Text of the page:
Reducing Preventable Injuries
Falls and pressure injuries represent two of the biggest causes of preventable injuries which cause pain, distress, waste valuable resources on treatment and which can ultimately cost lives. A strategy promoting injury prevention is vital in all care facilities to reduce the incidence of such preventable problems. In hospital wards nurses are facing increasing amounts of pressure during shifts, from limited resources and budgets to inadequate staff levels, bigger caseloads and more paperwork. This can lead to risk of underreporting of the real incidence levels of preventable injuries such as falls and pressure injuries.
Common treatments for conditions such as hip replacements often performed on elderly patients following a fall and sepsis, which can be a fatal complication of pressure injuries, represent two of the top 20 most expensive medical conditions to treat in hospitals.¹
Falls – The Key Facts
Approximately 1/3 adults over 65 fall each year, with the risk of falling increasing as we get older. Over half of adults in their 80’s will sustain a fall annually. Falls are also more common in aging women than they are in aging men.²
These statistics, although shocking, may fail to tell the true story, falling short of the real number since many incidents are likely to be unreported by clinicians due to many reasons such as work pressure, fear of litigation and simply lacking the time to complete the paperwork associated with the reporting of such injuries.
- Every year, more than one in three (3.4 million) people over 65 suffer a fall that can cause serious injury, and even death.³
- 246,000 inpatient falls were reported National Reporting and Learning System in 2015.⁴
- The estimated cost to treat falls is estimated at around £500,000 per annum, per average acute hospital.⁵
- There are approximately 41 fall-related deaths per 100,000 people per year.⁶
- In 2015, costs for falls to Medicare alone totalled over $31 billion.⁷
- 1 in 10 hospital admissions for older adults were for injuries sustained in a fall.⁸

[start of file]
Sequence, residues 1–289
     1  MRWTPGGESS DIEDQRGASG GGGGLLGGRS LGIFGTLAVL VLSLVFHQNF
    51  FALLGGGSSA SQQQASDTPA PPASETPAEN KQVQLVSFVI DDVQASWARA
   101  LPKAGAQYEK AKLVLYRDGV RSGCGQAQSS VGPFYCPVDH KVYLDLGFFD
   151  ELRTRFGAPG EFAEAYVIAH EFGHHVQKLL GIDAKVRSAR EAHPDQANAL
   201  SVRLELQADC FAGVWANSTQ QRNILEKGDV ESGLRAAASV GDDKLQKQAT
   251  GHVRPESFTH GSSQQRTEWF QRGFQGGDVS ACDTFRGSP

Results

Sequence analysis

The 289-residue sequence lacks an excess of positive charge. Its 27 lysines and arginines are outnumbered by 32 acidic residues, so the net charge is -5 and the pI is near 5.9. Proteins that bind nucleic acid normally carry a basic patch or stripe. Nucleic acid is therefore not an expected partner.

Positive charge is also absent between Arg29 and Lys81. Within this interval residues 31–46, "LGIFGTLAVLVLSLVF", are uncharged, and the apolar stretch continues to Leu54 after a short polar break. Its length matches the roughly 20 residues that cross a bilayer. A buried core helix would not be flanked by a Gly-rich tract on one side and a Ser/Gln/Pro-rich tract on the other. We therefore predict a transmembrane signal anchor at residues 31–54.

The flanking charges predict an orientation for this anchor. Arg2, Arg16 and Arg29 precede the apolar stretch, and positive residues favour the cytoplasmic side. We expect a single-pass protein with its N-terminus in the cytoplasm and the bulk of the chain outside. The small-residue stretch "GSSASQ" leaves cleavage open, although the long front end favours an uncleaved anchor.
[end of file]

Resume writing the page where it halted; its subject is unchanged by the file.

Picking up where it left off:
- The total hospital costs of fallers in a research study were $9.8 million, in a study of 12 hospitals in Australia.⁸
Fall related injuries among older adults, especially among older women, are associated with substantial economic costs. Implementing effective intervention strategies could substantially decrease the incidence and healthcare costs associated with these injuries.
Pressure Injuries – The Key Facts
- 22.05% of patients in acute care have pressure injuries at any one time.
- Patients with hospital acquired pressure injuries are 7% more likely to die.
- The length of stay for a patient who gets a pressure injury in hospital is 6.4 days longer.
- Billions of pounds are spent treating avoidable pressure injuries across the world.
- 95% of pressure injuries are avoidable.
Care must applied and action must be taken to avoid or reduce the risk of these preventable injuries.
Many countries and facilities have a falls prevention strategy, and a "stop the pressure" strategy to focus on reducing the incidence of pressure injuries.
How can Seating Help Reduce Injuries?
When a patient is sitting in the wrong chair, they can be subject to a higher risk of injury from a fall or from developing a pressure ulcer, also known as a pressure injury. Following a specialist seating assessment and being matched with appropriate seating, the risk factors are greatly reduced.
Extensive clinical research by Ulster University showed the use of the Seating Matters chairs;
- Were proven to reduce pressure ulcers by 88.3%.
- Provided postural support and stability.
- Reduce sliding and therefore risk of falls.
- Reduce agitation and improving comfort, therefore the patient is less likely to stand up and move around if they are physically unable.
- Permit easier transfers.
- Reduce the use of restraints by 53%.
Prevent Falls and prevent pressure injuries with the Atlanta™ chair from Seating Matters.
Watch and listen to these amazing patient case studies from our Seating Specialist in Australia, Martin Cominotto, who describes the Atlanta™ chair as a 'magic chair.'
Other Injury Prevention Methods
Other equipment and interventions can help in the fight against preventable injuries. Some ideas to help you might include:
- Exercise – building strength, co-ordination and balance.
- Correct Equipment – aside from seating, call bells, falls mats, bed rails, removing trip hazards, better shoes and surfaces.
- Medication review.
- Reporting/Documentation – improving reporting processes. If it’s not written down it’s not done!
- Review/Analyse/Improve – improving reporting of incidence can help to give an accurate picture of what is occurring in your facility. When the problem is accurately measured, steps can then be taken to reduce reoccurance.
By reducing falls and pressure injury incidence we are saving lives, saving money and improving care.
Find out more and sign up to your fall prevention scheme in your country
- #ImproveFalls Initiative – UK.
- Elder Fall Prevention Act - USA.
- April Falls Month / Stay on your feet - Australia.
Request a call from a Seating Specialist to find out more about using seating to prevent injuries and save budget in your facility.